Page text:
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Walking in Maria Montessori’s shoes

Taking steps to walk in Maria Montessori’s shoes

Photo of Ryoko outside the birthplace of the “Montessori Method” in Rome, Italy.

Ryoko anxiously awaited entering the birthplace of the “Montessori Method” in Rome, Italy.


By Julie Matuszewski; photo courtesy of Ryoko Fusatani

After the Bomb Cyclone hit Colorado, DCS Montessori upper level teacher and Castle Pines resident Ryoko Fusatani was relieved to learn that her scheduled flight to her dream destination of Rome, Italy would be a “go.” Fustani’s excitement mounted as she prepared to visit the birthplace of the “Montessori Method.”

Growing up, Fustani’s father took her on many destinations in Japan where they visited beautiful art galleries and historical museums. In those adventures, she learned to appreciate the little things in life, find beauty in simple objects and discovered the world. It was through those experiences that Fustani decided she wanted to be a teacher who provided children with a glimpse of our world filled with precious heritage and mysterious wonders.

Fustani’s trip to Rome was a return to that childhood wonderment and a way to pay homage to the Montessori Method. Atop her travel itinerary was a visit to Casa dei Bambini; to walk the steps that paved the pathway for future Montessori students.

Fustani stepped inside the modern-day classroom that has maintained Maria Montessori’s legacy within its walls. It was an experience Fustani said she would never forget and a lesson she was eager to share with her students.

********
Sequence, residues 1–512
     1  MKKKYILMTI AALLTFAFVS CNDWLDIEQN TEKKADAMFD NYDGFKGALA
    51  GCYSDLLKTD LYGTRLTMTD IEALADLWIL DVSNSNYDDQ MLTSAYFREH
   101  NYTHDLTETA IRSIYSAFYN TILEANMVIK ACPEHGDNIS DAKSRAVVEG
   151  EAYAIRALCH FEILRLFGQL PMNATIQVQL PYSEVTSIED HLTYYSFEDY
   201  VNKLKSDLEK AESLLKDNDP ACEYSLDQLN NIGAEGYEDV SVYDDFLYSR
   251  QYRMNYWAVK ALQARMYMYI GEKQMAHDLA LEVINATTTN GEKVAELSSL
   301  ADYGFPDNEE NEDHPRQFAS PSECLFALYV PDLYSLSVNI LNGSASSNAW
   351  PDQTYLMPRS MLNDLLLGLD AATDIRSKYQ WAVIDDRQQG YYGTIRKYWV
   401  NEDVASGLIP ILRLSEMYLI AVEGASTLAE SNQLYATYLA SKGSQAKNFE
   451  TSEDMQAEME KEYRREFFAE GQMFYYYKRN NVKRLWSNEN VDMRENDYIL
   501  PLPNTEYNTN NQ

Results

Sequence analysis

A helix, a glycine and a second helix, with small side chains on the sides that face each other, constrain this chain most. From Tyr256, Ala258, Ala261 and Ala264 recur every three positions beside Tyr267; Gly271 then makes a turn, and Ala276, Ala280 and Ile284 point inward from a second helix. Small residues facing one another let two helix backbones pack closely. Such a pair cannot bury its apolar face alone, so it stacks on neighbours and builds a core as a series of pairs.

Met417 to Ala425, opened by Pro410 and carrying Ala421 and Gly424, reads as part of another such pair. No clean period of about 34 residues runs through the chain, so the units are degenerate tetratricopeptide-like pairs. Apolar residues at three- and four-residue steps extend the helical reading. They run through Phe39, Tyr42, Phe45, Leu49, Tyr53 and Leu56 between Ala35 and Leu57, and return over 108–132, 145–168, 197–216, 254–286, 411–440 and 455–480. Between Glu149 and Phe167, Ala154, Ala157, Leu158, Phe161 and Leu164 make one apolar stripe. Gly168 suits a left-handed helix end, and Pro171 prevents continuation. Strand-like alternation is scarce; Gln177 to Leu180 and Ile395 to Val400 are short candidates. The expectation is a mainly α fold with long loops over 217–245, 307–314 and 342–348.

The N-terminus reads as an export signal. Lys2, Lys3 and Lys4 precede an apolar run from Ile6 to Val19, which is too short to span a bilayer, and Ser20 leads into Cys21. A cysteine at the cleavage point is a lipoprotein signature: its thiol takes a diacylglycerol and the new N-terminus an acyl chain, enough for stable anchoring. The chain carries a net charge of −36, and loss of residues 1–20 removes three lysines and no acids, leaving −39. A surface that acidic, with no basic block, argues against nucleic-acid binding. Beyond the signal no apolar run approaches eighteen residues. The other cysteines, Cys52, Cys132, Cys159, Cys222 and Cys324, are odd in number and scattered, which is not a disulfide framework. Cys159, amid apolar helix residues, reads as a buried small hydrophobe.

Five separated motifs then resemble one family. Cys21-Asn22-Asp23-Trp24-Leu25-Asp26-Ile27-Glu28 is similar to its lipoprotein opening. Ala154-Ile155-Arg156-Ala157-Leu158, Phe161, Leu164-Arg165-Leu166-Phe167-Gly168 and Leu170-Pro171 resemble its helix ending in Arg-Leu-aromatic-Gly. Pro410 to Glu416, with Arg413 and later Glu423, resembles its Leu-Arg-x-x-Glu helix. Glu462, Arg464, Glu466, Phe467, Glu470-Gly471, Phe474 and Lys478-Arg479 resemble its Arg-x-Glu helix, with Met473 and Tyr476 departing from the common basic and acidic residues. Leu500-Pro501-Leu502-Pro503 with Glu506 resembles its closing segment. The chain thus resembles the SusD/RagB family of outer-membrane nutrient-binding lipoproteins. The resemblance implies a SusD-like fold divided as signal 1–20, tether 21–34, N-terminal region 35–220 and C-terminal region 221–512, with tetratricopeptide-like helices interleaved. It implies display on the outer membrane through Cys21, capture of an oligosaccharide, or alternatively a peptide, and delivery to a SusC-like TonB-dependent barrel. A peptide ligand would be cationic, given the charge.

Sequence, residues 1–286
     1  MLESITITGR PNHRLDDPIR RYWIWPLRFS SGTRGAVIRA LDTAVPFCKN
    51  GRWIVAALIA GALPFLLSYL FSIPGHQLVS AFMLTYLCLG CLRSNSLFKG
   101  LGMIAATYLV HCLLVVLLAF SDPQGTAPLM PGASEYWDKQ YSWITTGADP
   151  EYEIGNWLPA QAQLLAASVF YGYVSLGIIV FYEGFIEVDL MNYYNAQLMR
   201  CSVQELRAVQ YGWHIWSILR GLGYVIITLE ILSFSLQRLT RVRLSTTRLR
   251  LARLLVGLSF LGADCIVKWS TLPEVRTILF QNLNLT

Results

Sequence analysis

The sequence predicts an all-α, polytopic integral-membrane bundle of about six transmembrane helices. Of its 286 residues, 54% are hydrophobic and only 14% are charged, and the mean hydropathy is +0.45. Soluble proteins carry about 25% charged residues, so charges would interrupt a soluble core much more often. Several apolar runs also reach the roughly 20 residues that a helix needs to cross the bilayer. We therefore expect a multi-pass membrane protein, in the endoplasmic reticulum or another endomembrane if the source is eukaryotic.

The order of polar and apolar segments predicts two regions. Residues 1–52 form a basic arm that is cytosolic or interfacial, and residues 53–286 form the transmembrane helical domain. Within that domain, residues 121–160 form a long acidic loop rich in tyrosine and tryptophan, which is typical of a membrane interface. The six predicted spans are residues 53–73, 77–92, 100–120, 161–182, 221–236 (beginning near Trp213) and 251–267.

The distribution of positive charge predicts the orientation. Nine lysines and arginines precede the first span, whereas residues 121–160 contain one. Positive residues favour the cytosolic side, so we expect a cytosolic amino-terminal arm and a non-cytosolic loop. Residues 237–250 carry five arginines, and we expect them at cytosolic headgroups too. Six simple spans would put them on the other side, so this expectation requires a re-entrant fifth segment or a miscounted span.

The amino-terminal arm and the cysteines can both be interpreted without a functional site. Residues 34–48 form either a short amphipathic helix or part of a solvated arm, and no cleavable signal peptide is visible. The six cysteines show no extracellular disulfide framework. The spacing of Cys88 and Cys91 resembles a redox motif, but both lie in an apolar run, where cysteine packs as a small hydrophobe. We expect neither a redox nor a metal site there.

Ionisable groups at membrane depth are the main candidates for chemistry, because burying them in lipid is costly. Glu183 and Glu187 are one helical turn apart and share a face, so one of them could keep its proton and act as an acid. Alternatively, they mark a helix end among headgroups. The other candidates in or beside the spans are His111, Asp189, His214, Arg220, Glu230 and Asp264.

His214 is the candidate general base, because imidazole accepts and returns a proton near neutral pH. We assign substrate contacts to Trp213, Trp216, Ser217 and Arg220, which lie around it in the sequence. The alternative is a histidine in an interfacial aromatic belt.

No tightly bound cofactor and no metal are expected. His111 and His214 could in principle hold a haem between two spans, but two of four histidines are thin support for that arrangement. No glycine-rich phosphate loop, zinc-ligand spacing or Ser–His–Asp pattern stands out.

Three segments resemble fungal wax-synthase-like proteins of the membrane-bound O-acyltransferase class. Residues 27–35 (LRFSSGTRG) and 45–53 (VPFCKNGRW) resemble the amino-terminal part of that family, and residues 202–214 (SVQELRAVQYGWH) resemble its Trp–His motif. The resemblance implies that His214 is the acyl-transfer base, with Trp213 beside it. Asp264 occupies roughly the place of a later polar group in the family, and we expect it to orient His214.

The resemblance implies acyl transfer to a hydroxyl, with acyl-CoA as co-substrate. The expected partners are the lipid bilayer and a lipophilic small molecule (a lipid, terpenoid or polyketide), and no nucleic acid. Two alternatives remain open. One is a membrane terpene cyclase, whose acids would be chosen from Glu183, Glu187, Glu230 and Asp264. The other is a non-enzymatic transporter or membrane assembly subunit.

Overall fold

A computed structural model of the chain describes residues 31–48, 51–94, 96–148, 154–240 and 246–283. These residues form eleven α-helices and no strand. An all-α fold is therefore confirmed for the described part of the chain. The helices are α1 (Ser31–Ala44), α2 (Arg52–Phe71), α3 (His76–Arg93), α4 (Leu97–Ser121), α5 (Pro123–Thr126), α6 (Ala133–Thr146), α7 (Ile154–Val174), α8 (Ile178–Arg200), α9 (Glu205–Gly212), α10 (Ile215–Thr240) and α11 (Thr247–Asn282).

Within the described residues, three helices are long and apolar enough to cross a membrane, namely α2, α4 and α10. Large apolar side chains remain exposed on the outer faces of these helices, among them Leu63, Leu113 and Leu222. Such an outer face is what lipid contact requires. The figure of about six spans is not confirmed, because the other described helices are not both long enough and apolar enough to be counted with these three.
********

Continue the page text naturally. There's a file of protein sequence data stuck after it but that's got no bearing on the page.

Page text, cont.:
Casa dei Bambini or “Children’s House” was a 1907 Rome housing project that accommodated 60 children between the ages of 2 and 7. Dr. Maria Montessori was invited to oversee the care and education of the project’s children while their parents were at work. These children were thought of as “lost causes” with poor academic performance and behavior. Maria transformed their lives. She provided the children with the opportunities, tools and experiences they needed to regain control of their lives and futures.

The methods Maria employed included many practical activities, as well as conventional lessons. These lessons allowed children to follow the direction in which their own interests led them and were lessons that became the hallmarks of the Montessori philosophy: Education based on self-directed activity, hands-on learning and collaborative play; lessons that Ryoko has taught her students the past decade.

Fustani returned to class, sharing her adventures and pictures of Casa dei Bambini, the Sistine Chapel and the Birth of Venus painting by Botticelli with her students. Student Donovan Lee loved the reality of Fustani’s photos. She said it felt like she had visited another Montessori school in a different country.

Fustani treasures her students just as much as she treasured her adventures with her father and her personal adventures in Rome. She hopes that one day when her class has grown older and travels the world on their own, that they too are reminded of the little in things in life. Today her students honor and respect each other, they are conscious over peace and they display grace and courtesy for others – things that would have made Maria Montessori proud.

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